An Amsterdam chapter to the IPAF



By Robbert A.F.L. Woltering, Assistant professor Arabic studies and Director ACMES, University of Amsterdam

Whilst this year’s IPAF award ceremony took place in Abu Dhabi on 26 April, a shadow event was underway in Amsterdam.

A panel of Arabists convened before an excited audience of Arabic literature fans at the University of Amsterdam to discuss the shortlisted novels, and select their favourite.

After a brief introduction by the famed literary translator Djûke Poppinga, each title was carefully discussed.

Dutch-Syrian Arabist and interpreter Rehab Chaker spoke warmly of Shahla Ujayli’s novel, A Sky Close to Our House, particularly the lively descriptions of Aleppo.

Liesbeth Zack, a linguist specialising in Egyptian dialect, expressed her mixed emotions about the explicit horrors in Mohamed Rabie’s Mercury and noted how the absence of hope seems to be the key theme in this dark novel.

Praise for the Women of the Family by the Palestinian author Mahmoud Shukair was deemed a far more traditional, even simple, novel by the panel, but also beautifully written.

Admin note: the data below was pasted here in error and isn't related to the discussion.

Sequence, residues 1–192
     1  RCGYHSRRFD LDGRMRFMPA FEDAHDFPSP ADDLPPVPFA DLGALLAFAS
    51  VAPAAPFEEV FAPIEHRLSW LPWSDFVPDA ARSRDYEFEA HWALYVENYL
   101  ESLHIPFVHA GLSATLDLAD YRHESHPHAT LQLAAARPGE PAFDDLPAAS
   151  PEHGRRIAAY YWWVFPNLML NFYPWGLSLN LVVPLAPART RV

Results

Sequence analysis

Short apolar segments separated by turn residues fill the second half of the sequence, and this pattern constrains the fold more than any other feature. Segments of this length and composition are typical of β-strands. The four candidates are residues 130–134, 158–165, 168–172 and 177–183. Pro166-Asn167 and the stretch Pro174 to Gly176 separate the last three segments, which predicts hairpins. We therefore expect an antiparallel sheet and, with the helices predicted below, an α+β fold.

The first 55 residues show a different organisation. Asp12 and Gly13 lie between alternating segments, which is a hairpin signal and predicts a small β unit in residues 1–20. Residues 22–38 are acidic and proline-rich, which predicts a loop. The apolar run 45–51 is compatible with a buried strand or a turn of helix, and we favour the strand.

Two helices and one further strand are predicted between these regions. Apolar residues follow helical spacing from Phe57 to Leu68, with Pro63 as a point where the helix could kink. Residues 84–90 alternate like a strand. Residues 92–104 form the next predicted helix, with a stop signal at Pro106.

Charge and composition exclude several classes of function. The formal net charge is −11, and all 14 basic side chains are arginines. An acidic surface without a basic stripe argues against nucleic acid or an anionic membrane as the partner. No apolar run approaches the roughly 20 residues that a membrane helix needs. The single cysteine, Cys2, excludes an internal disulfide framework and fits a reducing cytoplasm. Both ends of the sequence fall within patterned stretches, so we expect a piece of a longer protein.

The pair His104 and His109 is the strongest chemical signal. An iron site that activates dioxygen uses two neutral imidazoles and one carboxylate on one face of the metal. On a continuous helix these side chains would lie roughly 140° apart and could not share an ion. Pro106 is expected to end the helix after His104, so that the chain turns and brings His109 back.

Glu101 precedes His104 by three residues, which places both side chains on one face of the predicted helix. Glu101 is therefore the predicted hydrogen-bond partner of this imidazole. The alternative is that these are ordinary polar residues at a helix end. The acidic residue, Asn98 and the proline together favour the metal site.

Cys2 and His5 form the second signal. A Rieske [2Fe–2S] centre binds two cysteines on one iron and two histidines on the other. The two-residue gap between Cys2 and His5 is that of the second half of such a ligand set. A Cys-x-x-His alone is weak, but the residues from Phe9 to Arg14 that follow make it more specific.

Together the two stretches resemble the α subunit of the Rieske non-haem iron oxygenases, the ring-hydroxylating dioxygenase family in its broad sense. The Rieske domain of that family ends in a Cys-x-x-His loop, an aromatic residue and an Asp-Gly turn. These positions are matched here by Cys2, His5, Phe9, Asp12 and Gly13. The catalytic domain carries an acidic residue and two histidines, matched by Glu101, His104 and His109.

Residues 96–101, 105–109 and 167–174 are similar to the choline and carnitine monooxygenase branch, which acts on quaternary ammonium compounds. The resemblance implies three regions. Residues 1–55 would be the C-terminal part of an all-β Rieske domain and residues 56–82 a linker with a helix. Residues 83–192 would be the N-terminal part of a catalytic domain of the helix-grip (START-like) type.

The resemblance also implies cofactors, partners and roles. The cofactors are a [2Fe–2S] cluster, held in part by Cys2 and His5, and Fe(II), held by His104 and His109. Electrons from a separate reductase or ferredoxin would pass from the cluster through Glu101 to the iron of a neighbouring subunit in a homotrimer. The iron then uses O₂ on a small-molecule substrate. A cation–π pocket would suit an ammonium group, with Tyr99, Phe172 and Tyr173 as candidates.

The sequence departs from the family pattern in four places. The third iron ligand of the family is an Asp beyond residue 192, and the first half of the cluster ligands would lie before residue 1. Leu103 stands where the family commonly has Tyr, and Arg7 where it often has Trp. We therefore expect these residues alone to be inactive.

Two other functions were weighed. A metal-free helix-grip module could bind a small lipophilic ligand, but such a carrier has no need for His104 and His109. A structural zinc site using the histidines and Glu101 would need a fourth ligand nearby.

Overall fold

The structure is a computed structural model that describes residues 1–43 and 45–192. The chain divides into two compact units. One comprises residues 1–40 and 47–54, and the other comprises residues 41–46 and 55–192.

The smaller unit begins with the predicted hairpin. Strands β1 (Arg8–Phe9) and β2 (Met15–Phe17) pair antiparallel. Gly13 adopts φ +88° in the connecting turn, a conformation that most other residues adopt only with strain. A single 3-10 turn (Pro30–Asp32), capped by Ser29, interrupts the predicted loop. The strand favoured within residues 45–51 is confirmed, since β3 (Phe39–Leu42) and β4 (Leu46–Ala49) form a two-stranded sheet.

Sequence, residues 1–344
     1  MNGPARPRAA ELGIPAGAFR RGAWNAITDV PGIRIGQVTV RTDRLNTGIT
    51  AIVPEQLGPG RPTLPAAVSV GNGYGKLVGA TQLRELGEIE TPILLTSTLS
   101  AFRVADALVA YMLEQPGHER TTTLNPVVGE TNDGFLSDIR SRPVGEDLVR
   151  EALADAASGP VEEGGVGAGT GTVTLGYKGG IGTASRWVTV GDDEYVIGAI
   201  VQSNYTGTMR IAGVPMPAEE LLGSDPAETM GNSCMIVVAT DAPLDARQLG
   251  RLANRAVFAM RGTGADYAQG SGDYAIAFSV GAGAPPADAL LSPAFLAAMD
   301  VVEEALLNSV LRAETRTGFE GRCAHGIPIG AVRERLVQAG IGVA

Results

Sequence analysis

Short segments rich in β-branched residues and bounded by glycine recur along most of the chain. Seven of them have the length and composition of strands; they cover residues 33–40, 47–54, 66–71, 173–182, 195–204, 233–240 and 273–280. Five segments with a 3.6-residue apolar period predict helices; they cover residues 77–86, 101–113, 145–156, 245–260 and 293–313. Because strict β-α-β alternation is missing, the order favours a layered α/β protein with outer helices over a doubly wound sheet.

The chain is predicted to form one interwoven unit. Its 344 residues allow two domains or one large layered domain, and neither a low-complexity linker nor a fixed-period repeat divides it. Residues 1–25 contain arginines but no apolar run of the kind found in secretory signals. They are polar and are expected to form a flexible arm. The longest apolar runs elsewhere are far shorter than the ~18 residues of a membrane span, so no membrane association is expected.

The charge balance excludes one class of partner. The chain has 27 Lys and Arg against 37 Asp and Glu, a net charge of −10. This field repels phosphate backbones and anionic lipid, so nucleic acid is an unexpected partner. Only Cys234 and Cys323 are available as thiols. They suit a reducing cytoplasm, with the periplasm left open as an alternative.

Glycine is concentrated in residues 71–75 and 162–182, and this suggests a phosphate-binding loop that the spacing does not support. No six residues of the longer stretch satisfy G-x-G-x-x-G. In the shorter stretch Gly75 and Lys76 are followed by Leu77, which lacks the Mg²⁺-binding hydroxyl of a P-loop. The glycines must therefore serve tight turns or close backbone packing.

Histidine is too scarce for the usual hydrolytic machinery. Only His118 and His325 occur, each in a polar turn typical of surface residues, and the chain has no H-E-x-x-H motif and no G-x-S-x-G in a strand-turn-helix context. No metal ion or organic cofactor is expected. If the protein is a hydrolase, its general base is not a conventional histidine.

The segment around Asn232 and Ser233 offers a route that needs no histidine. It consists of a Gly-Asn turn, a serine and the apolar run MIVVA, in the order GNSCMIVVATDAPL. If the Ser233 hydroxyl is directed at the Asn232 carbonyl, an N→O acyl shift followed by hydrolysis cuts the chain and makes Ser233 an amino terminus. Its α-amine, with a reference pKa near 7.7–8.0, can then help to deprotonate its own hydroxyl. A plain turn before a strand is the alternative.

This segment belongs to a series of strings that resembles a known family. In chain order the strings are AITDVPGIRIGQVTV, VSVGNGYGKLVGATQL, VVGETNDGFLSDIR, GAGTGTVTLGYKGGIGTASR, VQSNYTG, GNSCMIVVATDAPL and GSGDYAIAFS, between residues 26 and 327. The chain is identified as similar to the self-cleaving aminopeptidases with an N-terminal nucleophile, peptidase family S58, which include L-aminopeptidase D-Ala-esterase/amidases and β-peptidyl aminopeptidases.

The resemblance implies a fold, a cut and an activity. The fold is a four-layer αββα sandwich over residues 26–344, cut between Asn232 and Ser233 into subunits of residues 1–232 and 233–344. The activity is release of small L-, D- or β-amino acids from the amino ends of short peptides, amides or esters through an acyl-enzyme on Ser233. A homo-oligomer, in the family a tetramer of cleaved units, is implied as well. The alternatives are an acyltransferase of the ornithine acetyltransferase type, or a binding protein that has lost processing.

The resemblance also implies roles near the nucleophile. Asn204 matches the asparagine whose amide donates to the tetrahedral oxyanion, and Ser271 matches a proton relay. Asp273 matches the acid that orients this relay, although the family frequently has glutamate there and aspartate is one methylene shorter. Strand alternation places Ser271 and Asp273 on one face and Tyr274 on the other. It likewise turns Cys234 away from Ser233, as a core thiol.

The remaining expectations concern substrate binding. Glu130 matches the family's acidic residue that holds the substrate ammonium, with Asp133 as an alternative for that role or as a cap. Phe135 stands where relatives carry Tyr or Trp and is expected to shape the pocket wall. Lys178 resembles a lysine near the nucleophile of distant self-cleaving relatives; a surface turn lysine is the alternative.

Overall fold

Destinies: Concerto of the Holocaust and the Nakba – also by a Palestinian author, Rabai al-Madhoun – was universally recognised as the most experimental novel on the shortlist. Arabist and historian Lucia Admiraal offered her insights on this novel and its complex narrative structure, and the panel generally agreed that the changes in perspective made this a particularly exciting novel. The novel’s references to modern Palestinian literature (The Pessoptimist) were considered a welcome extra dimension.

The case for Tareq Bakari’s Numedia was made by the Kurdish-Iraqi author Mariwan Kanie, who praised the novel for its numerous perspectives, through which the main character continues to be in the limelight. Kanie asserted that this novel, featuring a protagonist seeking to correct the image of the Orient but ending up only reaffirming its stereotypes, is a worthy successor to Season of Migration to the North.

The final book to be discussed by the panel was George Yaraq’s Guard of the Dead. Groningen-based Arabist Hisham Hamad noted that, while the novel offers few surprises, it demands appreciation for the subtle manner in which the main character’s moral metamorphosis is described.

Suspense was high at 7pm, shortly after the winner announcement in Abu Dhabi, when it was time to discover which novel the official IPAF judging panel had chosen as the 2016 winner. IPAF Trustees Michel Moushabeck and Rasheed El-Enany connected with the Amsterdam audience via a video call and broke the exciting news: the prize had been won by Rabai al-Madhoun for his novelDestinies. The novel was one of the favourites of the Amsterdam panel.